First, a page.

Former Williams President Morty Schapiro wrote an op-ed for the Wall Street Journal in March on the “The New Face of Campus Unrest.” It is not good. Let’s spend a week dissecting it! Today is Day 4.
A decade or so ago, I returned from Shabbat services at my synagogue to learn that a student had hung posters mocking the Holocaust Remembrance Day posters distributed in the dorms. The message had been turned into a celebration of Hitler’s birthday; the picture of concentration camp victims had for some reason been replaced by a marijuana leaf. It is hard to imagine a more disgusting display.
Longtime readers will know that Morty is referring to Mary Jane Hitler, a controversy we covered in detail. Is Morty’s summary a fair one?
First, note that he elides the manner of distribution of the posters. The originally posters (example above) were “distributed in the dorms” — as if they had been left in a common room — while the Hitler posters were “hung.” In fact, both posters were distributed in an identical manner: hung on the doors of student rooms. Below is one of the parody posters.
Second, “the picture of concentration camp victims had for some reason been replaced by a marijuana leaf” is wrong. The marijuana leaf replaced the Star of David symbol on the original posters. This is, perhaps, a small point and I am certain that Morty is not trying to be misleading. (Why would he?) But it does remind us all testimony is inherently unreliable, especially years after the fact.
Third, “celebration of Hitler’s birthday” is a misleading description of the intention behind the posters. Recall the Administration’s own description:
The student who admitted that she had produced and hung the second posters said that her doing so was intended as a use of her right to provoke discussion about the appropriateness of the first ones.
Indeed. These posters were clearly parodies of the original Holocaust Remembrance posters. They were, intentionally, nonsensical.
Fourth, note the Morty’s provincialism in the claim that “It is hard to imagine a more disgusting display.” Hard for whom? I can easily imagine many more worse displays! In fact, doesn’t Morty have some Northwestern colleagues who are, say, African American rather than Jewish? I suspect that they would find praise of the KKK or the Confederacy much more disgusting than these Hitler/marijuana posters.
Fifth, I am unimpressed with Morty’s empathy. Why turn this student into the other? She made a mistake. Wasn’t it Morty’s (and Williams’s) job to, you know, teach her? To help turn her into a better person? But why even try when it is so much easier (and profitable!) to turn her into the enemy.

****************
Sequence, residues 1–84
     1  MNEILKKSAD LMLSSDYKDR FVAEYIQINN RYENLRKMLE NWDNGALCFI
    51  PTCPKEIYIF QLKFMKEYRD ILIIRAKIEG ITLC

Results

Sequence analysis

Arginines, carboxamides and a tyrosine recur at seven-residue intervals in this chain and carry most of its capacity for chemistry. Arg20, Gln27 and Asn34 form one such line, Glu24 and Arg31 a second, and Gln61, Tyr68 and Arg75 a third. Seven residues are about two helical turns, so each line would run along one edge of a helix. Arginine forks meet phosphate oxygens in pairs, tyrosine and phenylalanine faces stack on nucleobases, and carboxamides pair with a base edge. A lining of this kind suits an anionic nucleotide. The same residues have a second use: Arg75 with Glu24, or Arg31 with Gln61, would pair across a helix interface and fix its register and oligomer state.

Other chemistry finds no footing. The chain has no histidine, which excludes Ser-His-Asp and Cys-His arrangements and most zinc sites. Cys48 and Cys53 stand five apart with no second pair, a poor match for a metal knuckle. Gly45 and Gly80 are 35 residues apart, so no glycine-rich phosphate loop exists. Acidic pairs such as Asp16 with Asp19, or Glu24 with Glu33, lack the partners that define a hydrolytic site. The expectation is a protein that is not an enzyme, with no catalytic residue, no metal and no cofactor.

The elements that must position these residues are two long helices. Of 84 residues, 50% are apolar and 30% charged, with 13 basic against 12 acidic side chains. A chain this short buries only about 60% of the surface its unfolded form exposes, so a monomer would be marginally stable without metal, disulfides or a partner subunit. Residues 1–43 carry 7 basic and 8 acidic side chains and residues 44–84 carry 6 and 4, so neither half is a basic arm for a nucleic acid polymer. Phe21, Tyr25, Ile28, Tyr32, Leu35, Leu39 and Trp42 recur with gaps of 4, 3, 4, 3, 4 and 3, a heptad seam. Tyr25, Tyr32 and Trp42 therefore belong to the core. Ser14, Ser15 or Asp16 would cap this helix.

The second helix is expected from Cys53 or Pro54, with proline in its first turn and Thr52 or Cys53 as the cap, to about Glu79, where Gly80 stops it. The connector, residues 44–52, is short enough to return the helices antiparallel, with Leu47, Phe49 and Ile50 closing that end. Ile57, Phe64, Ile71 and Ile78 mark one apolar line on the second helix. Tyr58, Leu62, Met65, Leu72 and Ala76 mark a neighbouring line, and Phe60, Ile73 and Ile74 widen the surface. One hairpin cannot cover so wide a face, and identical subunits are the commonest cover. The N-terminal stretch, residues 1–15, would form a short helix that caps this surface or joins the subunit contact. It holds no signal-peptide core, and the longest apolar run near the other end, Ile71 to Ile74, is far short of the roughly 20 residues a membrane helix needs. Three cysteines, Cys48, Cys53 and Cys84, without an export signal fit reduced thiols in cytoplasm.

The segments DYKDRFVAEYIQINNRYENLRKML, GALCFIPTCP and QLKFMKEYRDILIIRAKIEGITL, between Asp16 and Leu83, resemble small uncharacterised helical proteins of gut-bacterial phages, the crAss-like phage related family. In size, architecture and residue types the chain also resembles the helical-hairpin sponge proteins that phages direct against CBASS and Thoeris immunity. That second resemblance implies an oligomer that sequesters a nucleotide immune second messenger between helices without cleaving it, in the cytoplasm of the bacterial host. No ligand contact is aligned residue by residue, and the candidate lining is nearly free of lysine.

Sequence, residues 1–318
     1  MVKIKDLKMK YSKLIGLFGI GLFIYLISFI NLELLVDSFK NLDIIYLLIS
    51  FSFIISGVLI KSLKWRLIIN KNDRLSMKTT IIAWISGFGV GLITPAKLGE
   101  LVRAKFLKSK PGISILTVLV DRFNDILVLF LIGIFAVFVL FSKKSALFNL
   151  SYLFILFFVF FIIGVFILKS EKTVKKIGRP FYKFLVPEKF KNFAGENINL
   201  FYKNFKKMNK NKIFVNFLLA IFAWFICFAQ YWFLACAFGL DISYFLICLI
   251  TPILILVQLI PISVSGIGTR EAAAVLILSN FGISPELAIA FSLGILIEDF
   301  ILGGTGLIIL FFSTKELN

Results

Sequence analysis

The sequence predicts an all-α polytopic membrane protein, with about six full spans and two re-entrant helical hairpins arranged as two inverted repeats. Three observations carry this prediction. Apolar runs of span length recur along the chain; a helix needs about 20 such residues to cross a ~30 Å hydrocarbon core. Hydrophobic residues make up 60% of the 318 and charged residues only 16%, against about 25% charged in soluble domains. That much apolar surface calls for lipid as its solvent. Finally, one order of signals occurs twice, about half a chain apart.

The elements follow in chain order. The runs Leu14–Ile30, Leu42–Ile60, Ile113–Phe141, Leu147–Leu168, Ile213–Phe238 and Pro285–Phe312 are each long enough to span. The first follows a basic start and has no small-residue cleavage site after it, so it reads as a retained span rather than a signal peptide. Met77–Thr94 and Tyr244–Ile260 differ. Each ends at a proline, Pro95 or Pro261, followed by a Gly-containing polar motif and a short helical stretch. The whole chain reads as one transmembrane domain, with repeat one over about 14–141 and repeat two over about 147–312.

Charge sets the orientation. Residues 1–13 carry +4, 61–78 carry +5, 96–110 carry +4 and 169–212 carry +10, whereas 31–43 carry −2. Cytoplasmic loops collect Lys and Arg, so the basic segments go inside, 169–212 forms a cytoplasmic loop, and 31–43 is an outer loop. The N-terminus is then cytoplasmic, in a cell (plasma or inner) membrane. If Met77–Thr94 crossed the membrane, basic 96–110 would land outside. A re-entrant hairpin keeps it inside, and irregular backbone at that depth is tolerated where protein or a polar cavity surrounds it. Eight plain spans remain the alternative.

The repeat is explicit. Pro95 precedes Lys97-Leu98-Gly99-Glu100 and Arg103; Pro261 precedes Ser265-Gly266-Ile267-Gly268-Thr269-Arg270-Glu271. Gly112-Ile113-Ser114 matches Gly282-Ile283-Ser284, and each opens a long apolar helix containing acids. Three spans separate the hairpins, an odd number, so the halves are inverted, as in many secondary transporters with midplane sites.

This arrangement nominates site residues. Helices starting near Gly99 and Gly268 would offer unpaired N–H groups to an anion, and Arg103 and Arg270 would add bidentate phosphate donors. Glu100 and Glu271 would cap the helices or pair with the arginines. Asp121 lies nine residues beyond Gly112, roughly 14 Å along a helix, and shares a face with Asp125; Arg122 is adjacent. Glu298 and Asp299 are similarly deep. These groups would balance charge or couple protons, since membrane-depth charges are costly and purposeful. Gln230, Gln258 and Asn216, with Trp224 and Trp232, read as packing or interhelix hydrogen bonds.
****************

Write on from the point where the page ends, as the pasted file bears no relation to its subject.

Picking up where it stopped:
And, eight years later, she is a wife and mother, moving on with her life as so many before her have done, as so many graduates in 2016 will soon do.
I am leaving names out of this discussion, but surely our faithful readers will appreciate that the student is marrying someone connected to this saga but, not, fortunately, the original creepy boyfriend.
Back to Morty:
But here is the question we asked: Did the student hang those posters randomly, or instead single out the rooms of members of groups targeted by the Nazis such as Jews, blacks and gays?
“blacks?” Come on Morty! Although the Nazis were, obviously, no friends to blacks, any accurate accounting would put blacks far down on the list of Nazi victims. If you believe Wikipedia, any fair three word summary of Nazi victims would definitely not include blacks and might not include gays. But Poles and Ukrainians — much less Catholics, Communists and deaf people — are not major constituencies of a modern, major university president, so Morty does not list them.
If it had been the latter, it might have constituted verbal assault. But it was the former, and in our view that was protected free speech. This wasn’t an easy decision, or perhaps the most expedient, but it was the right one.
Tell us all how brave you are Morty! How, exactly, would it have possibly been “expedient” to punish this student, a student who was clearly exercising free speech in exactly the same manner as the students who put up the original posters? Any attempt to punish the student would — if she fought it — lead to disaster. And this student was a fighter.
Of course, this passage is just a throw-away story — meant to demonstrate the good sense (put him on your corporate board!) and bravery (nothing expedient!) of our fearless author. But I just couldn’t resist taking a guided tour through one of my favorite Williams controversies.
They don’t call me Nazi Hunter for nothing!